Reflections on the Chilean Election

With Boric’s resounding victory, the Chilean far right have been kept out of office. But legislative limits, and conformist cabinet appointments, mean that there may well be little else to celebrate.

18 min read

In the end, the dangers of a José Antonio Kast victory were greatly exaggerated. As Chileans headed to the polls on December 19, pundits, both domestic and international, predicted a nail-biter. Instead, left winger Gabriel Boric delivered the second largest landslide of the past quarter century, winning by nearly a 12% margin. The result was emphatic. Kast’s blend of pinochetismo and awkward, alt-right virtue-signalling, be it calling for the scrapping of the National Women’s Service or for the building of an effectively symbolic trench on the country’s northern border, crash landed. While the right retained the traditional 40% base it has held since the dictatorship’s end, it failed to expand upon it. On the other hand, the parliamentary-democratic forces, despite significant tensions dating back a decade, showed surprising unity against a man who proudly declared: “if Pinochet were alive, he’d vote for me.”

Now that the dust has settled, it is time to take stock of what has occurred. Even for those critical of the left electoral project, the result was undeniably welcome. If nothing else, Kast’s promise to violently wield the machinery of state to crush extra-parliamentary opposition of all kinds represented a real threat to extra parliamentary organising and challenge. Moreover, even the most hardened anarchist will breathe a sigh of relief at having dodged the possibility of concerted attacks on women, racialised peoples (such as Indigenous people and migrants), the LGBTQ+ community, and the working class, among many others.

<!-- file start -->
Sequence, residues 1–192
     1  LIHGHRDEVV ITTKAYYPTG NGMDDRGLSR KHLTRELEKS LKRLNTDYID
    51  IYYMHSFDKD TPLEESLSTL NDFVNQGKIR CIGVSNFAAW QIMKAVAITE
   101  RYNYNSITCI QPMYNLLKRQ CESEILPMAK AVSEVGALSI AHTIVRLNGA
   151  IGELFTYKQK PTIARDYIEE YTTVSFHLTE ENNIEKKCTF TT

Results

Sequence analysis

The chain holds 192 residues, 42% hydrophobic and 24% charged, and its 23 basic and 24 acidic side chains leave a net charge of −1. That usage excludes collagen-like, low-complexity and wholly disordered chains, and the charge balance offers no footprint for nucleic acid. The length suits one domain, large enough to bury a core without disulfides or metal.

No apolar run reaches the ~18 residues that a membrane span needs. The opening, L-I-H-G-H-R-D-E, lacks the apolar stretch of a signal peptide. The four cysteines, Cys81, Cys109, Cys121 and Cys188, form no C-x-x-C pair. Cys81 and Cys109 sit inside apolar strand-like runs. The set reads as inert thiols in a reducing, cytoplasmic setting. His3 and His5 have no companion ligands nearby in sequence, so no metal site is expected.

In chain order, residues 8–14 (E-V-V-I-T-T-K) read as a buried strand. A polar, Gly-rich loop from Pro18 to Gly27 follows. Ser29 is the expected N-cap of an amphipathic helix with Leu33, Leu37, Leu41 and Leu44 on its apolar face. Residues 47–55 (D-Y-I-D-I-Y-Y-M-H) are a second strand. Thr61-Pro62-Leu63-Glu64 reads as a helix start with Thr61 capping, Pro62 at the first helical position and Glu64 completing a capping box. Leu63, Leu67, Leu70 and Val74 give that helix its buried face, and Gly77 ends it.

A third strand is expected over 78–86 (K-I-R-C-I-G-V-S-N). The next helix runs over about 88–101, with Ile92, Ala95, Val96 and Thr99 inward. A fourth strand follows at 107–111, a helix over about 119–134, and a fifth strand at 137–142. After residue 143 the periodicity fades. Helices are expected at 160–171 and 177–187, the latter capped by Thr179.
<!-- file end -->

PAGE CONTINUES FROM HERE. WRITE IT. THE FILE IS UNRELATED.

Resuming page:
Kast’s promise to violently wield the machinery of state to crush extra-parliamentary opposition of all kinds represented a real threat to extra parliamentary organising and challenge.

Equally, however, it would take a near-fanatical belief in bourgeois democracy to read Boric’s triumph as heralding a new social democracy, “radical” or otherwise. Structural, ideological, and legislative impediments, alongside a whole host of other limits, seem set to ensure that any expectation of a social democratic settlement will be, at best, naïve. If a sober reading from a revolutionary perspective will recognise the importance of Boric’s victory (or, at the very least, the defeat of Kast), an honest electoralist reading likewise demands recognition that a Boric presidency will, in all likelihood, change very little. To understand that this entails great risk for the left, electoral or otherwise, one need only look to Brazil, where lacklustre leftism, and a resulting lack of support, left the door upon to a resurgent right’s antidemocratic attacks.Of course, the Brazilian left were not defeated honestly; but the point is that the limits of the PT put a sharp block on any potential to, in Poulantzas’s words (drawing on the experience of Allende), arouse the “broad popular movement [that] constitutes a guarantee against the reaction of the enemy”.